Walking along the canal path at Leighton Buzzard, Bedfordshire, England, recently, I came upon this interesting looking plant, which was new to me. It was growing abundantly along the side of the canal, separated from the path and reminded me of a small orchid.
When I got home, I looked it up and this is what I found:
'Indian BalsamImpatiens glandulifera
Introduced as a garden plant from the Himalayas in 1839, and naturalised along waterways and in waste places, this tall, stout-stemmed species grows 100-200 cm high. It is hairless and the stems reddish. There is no mistaking the rather orchid-like, mave, dangling flowers.
Flower: purplish pink, 2-5.4 cm, petals 5, forming a broad, lower lip and hood; sepals 3, lower forming a mauve, spurred bag.
Flower arrangement: long-stalked racemes arising from leaf-axils.
Flowering time: July - October.
Leaf: opposite or in threes, 5-18 cm long, elliptic, toothed; reddish glands along basal margins.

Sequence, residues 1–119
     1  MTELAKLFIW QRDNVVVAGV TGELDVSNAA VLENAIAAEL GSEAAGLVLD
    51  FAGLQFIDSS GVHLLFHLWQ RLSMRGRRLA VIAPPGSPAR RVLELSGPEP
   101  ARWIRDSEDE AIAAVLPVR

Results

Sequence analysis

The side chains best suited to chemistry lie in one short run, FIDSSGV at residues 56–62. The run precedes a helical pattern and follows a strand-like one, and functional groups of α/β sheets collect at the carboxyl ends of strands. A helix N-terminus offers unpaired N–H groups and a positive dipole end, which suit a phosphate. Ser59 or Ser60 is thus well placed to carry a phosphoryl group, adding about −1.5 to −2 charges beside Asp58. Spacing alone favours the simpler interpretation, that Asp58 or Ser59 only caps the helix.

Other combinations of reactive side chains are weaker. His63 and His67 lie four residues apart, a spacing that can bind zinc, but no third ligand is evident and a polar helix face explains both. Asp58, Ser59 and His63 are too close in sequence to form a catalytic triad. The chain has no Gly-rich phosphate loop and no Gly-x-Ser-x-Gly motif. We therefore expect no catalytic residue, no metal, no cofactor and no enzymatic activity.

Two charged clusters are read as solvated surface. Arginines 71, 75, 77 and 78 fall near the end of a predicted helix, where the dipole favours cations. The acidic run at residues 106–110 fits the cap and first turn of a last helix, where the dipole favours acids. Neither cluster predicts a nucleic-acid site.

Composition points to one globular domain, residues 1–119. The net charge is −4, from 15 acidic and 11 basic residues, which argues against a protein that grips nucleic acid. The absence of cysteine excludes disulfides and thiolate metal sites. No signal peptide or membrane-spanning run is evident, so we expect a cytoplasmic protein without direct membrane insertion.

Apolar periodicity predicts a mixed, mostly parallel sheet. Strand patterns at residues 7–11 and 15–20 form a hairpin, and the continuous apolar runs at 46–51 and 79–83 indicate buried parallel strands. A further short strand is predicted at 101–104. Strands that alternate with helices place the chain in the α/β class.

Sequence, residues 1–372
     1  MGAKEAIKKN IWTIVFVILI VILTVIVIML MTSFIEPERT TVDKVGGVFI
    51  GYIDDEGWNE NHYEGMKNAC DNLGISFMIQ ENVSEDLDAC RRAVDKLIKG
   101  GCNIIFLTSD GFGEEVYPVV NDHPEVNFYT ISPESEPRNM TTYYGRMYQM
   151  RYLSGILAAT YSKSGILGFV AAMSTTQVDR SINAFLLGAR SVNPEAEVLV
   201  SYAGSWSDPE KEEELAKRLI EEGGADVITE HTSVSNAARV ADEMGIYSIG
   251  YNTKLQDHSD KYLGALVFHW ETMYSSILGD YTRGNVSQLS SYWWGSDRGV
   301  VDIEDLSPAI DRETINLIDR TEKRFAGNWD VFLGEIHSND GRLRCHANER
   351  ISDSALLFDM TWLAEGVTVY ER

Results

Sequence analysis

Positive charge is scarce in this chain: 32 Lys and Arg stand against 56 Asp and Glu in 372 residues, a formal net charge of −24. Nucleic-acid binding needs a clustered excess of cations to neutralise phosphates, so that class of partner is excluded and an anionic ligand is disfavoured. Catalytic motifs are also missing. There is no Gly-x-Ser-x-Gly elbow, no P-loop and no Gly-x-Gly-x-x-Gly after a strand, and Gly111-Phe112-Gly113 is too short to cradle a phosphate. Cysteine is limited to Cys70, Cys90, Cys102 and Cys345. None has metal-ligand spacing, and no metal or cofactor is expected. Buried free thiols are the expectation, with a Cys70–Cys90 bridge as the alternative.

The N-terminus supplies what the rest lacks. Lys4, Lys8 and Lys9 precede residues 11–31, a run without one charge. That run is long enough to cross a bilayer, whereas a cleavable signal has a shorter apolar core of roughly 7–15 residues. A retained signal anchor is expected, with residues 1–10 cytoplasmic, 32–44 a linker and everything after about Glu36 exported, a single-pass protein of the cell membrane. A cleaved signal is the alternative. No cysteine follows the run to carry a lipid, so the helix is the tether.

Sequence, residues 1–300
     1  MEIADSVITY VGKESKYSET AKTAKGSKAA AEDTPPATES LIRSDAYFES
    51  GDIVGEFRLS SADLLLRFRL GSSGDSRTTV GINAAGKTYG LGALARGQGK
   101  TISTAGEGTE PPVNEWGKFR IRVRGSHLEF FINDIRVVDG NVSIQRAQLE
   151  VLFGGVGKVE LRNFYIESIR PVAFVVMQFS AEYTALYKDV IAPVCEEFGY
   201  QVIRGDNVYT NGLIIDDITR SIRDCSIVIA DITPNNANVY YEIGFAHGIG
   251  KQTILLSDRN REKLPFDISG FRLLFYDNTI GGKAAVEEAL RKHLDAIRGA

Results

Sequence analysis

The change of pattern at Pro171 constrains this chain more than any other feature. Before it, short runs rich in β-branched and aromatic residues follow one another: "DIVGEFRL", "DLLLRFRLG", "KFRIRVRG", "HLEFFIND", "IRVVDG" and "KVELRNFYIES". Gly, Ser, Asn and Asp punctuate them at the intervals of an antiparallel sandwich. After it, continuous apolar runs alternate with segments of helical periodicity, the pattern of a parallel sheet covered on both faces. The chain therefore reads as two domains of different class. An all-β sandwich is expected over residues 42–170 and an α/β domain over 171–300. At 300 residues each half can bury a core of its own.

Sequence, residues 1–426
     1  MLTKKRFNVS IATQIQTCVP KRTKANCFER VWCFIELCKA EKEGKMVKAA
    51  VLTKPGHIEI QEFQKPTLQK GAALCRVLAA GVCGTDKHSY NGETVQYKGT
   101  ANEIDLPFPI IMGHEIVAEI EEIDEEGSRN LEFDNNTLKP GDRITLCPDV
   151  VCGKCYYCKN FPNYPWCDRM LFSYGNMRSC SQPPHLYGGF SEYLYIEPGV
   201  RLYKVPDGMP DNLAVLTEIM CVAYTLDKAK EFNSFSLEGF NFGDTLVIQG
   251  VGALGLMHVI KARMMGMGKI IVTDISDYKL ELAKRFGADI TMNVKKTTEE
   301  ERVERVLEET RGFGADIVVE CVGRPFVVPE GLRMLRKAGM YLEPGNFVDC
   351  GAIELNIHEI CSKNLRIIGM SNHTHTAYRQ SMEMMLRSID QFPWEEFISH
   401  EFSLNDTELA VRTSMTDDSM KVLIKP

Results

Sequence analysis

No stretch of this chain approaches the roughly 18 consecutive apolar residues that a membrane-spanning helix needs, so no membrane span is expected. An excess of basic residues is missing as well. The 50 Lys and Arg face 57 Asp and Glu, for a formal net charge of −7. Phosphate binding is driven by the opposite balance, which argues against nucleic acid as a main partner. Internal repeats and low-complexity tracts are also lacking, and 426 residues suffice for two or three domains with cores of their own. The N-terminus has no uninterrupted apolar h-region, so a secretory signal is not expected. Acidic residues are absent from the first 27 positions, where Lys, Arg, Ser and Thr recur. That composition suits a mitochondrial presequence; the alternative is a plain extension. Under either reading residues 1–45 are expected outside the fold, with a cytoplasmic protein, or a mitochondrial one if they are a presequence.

Fruit: capsule, club-shaped, opening by 5 valves, which spring into coils, shooting out seeds.'
Information from 'Illustrated Guide to Wild Flowers' by Stephen Blackmore
The Indian Balsam flowers were just behind me as I stood admiring the lock keeper's cottage below.
Join me as I walked along the towpath. If you look carefully at the next picture, you will see the Indian Balsam flowers just behind the signpost.
The red and black boat is preparing to use the lock to descend to the lower level (see next picture).
The lock gates must be opened to allow the boat to pass through and down.
We caught up with the red and black boat further down the canal just after we had lunch.
This was the pub where we had lunch. It was called the Globe Inn. We had a lovely lunch of fish and chips, scampi and chips and hunters' chicken with chips.